Yacón – makes sugar-free sweetener!

Yacón (Smallanthus sonchifolius) aka Peruvian ground apple, Bolivian sunroot

Yacon - makes sugar-free sweetener!

Yacon – makes sugar-free sweetener!

Sweet-tasting tuber makes ‘no-sugar’ syrup suitable for diabetics
Here’s an interesting tuber with the texture of water chestnuts and a sweet taste of pear with a hint of watermelon! Yacón is deliciously juicy, especially when freshly lifted and eaten raw – the word ‘yacón’ apparently means ‘water root’ in the Inca language and this turns out to be a very apt description. An exciting feature of this tuber which looks quite like a sweet potato, is that the liquid content from the tubers can be extracted using a juicer (or food processor – see Culinary Uses) and made into a super sweet syrup which can be used as a substitute for sugar, much like honey or maple syrup. And the best thing about the syrup, is that it’s virtually calorie-free! Yacón contains an indigestible sugar called inulin which means that yacón – the tubers AND the sweetening syrup – are suitable for diabetics.

How to make ‘sugar-free’ yacón syrup
Wash tubers thoroughly and whizz them in a food processor to make a pulp. Then boil the pulp in a large pan, using a cooking thermometer to keep the temperature at approximately 103°C, to form a dark brown syrup. Just four plants should provide the 12 kgs of tubers required to produce 1 litre of syrup.

Culinary uses of Yacón
Fresh tubers can just be washed – no need to peel them if they are just out of the ground – and sliced to eat raw as a snack, in salads or added to stir fries. It should be noted that the flesh will tend to discolour – like apples and potatoes – so sprinkling with a little lemon juice (or apple juice) will slow this process down. When using yacón in salads, it’s best to toss it in lemon juice (or in lemon juice diluted with water) and add it just before dressing and serving.

Don’t throw away the foliage from your yacón! A few fresh leaves from each plant can be cut during the summer and autumn, tied together and left to dry naturally in the kitchen or airing cupboard. Once dry, crumble them into boiling water to make a delicious ‘green tea’. Crumbled leaves will keep fresh for many months in an airtight container.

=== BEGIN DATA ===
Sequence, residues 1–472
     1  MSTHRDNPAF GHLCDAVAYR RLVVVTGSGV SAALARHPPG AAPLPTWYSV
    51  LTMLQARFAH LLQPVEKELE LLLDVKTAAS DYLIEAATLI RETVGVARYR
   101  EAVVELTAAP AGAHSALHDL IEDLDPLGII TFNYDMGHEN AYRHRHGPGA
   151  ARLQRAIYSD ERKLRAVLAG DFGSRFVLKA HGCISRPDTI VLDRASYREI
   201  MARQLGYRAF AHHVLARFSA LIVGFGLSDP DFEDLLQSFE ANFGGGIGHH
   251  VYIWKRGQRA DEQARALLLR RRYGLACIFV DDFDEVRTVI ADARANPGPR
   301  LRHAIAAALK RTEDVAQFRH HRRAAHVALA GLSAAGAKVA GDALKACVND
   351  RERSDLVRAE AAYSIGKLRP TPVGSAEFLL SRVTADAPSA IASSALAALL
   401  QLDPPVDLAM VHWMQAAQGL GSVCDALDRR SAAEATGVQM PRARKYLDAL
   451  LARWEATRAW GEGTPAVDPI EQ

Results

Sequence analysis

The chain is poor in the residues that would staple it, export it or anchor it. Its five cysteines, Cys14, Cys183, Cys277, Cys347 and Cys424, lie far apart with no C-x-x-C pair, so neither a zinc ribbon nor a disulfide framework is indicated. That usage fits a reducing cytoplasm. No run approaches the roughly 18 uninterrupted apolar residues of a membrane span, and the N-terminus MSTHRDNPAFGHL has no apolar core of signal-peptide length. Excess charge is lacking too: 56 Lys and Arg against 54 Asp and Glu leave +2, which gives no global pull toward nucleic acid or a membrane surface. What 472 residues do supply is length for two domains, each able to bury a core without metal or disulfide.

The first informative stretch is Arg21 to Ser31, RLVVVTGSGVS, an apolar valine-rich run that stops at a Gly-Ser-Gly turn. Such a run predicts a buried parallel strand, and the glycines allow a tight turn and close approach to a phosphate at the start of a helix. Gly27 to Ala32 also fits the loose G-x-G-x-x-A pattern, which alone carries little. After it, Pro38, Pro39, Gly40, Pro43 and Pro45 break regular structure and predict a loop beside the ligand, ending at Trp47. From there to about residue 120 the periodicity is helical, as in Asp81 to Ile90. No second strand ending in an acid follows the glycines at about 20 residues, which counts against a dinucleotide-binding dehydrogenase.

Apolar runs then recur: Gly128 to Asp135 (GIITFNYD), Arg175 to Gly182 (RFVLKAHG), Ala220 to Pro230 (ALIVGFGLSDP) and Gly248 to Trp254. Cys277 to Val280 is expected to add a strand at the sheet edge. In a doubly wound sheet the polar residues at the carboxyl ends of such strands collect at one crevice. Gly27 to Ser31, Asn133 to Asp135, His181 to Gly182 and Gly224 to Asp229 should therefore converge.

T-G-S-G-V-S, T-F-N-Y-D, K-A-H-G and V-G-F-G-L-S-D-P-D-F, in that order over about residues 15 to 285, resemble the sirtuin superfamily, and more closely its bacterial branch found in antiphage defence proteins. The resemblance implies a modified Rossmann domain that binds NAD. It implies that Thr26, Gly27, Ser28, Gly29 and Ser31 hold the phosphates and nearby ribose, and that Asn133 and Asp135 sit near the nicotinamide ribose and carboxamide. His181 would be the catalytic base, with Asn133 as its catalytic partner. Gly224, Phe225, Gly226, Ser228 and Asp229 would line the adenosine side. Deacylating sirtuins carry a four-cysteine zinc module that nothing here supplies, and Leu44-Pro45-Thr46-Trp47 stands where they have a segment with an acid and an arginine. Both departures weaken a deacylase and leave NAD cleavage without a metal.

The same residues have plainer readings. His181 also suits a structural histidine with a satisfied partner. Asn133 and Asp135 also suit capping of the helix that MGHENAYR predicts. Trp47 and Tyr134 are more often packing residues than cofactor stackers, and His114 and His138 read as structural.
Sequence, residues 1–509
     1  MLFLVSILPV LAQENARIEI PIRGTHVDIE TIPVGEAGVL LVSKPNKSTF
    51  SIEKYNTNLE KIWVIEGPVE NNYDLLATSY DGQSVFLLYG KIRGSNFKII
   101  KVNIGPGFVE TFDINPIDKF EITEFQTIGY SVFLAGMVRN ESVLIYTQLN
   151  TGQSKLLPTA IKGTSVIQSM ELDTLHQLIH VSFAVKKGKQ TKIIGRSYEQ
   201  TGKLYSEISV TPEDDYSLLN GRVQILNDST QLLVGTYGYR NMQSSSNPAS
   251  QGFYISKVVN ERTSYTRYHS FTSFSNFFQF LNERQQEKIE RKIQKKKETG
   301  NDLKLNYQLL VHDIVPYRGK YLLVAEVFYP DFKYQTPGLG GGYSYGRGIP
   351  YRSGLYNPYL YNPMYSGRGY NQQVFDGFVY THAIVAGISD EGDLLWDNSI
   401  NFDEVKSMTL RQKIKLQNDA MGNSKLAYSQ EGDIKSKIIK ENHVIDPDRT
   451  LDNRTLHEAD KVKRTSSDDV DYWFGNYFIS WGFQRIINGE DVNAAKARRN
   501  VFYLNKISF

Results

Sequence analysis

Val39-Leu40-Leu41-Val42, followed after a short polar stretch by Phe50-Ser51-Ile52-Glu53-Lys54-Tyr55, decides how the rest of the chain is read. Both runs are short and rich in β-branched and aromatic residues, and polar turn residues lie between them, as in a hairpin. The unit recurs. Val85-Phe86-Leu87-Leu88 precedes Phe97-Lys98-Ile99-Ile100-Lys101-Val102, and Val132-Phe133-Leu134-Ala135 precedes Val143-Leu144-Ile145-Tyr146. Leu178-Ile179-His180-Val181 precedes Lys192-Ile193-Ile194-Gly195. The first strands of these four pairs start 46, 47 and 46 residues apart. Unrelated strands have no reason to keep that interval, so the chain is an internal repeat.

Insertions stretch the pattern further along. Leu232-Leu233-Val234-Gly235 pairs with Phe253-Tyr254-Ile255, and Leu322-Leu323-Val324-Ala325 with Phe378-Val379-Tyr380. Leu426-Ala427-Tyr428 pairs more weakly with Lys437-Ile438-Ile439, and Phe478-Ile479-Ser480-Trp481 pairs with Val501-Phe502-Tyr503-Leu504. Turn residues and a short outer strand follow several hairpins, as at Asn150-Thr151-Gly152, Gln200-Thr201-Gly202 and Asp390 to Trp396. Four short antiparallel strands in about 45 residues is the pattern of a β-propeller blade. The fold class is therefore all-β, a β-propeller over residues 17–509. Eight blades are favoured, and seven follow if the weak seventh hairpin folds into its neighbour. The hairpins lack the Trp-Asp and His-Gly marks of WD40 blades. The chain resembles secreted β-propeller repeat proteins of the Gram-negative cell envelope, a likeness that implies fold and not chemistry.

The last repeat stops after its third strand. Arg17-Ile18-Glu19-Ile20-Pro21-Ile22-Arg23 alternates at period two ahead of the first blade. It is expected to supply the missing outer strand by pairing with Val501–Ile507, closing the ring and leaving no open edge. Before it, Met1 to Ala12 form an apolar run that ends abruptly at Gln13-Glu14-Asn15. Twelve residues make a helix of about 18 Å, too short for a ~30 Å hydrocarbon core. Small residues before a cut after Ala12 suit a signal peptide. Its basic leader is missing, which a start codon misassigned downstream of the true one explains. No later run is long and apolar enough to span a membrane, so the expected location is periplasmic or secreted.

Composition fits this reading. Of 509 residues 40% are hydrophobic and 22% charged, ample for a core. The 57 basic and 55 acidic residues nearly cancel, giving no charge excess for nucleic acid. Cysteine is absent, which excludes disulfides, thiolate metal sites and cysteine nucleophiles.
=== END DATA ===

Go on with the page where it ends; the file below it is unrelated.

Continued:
Yacón will absorb sauces, dressings and condiments so it can be used as a delicious and different ingredient in a variety of sweet and savoury salads. Try it with grated carrots and a grainy mustard vinaigrette as a colourful salad. Or chopped and added to a colourful fruit salad of pineapple, mango and pomegranate. Yacón can also be roasted along with other root vegetables, tossed in olive oil, sprinkled with sprigs of rosemary or simply steamed. The possibilities are endless.

Growing Yacón
Yacón is easy to grow in most soils, although deeper soils will provide a heavier yield of larger tubers. Plants will greatly appreciate the addition of compost and/or well-rotted manure each autumn. The height of the plants makes them ideal companion plants for spinach, French beans, courgettes and radish plants to utilise space in between plants and to provide dappled shade.

Planting Yacón
Grow yacón from ‘buds’ (also known as ‘caudices’) which should be potted up individually from February to early April in moist compost with the growing point upwards. Keep at about 18°C until shoots appear. Plant them out when the risk of frost has passed and once plants are approx. 7-10cm tall to ensure they establish more reliably. Position the plants in a sheltered, sunny spot, at the same time as you would plant out your courgettes. Plants are tall – up to 6ft (180cm) – so allow approx. 30in x 30in (75cm x 75cm) for optimum yields. Small flowers are produced in the summer and tubers are formed in the autumn. Frosts will tend to tinge the foliage, but a heavy frost will usually wither or blacken the leaves and it is then time to lift the tubers, usually during November.

Yacon - makes sugar-free sweetener!

Yacon – just harvested

Harvesting Yacón
Using a long fork, carefully lift the tubers as they tend to bury quite deeply in the soil, and will form a clump similar to a dahlia. Carefully break off the tubers. Any damaged tubers should be used promptly or made into syrup as they will rot in storage. Only undamaged tubers will store.

Crop yields
An average plant will yield 3.5-4 kgs of tubers.

Storage
Tubers store extremely well in paper or hessian sacks in a cool dry place in the shed or garage, but they need to be kept frost free. They often sweeten over time. Keep a couple of yacón tubers in the fruit bowl where they will ‘warm up’ and sweeten further before use.

Stored tubers will form a thicker skin, which turns a darker brown colour and will need peeling, as it becomes more bitter over time.

Yacon buds are available on the Thompson & Morgan website. Click here for more details.

Recipe suggestions from Mark Diacono at guardian.co.uk

Filed in: News in the Gardening World, Vegetables Tags: ,

4 Comments

  1. Earic Nixon says:

    I’ve been growing yacon for four years with great success, in containers. This is my first attempt at making syrup. I will let you know how it goes. Peace.

    EZee

  2. Peter Bullen says:

    This looks interesting and just like a Jerusalem artichoke, but hopefully without the after effects!!!

  3. Martina Pichova says:

    Never heard about Yacon before but what an interesting vegetable and so easy to use…

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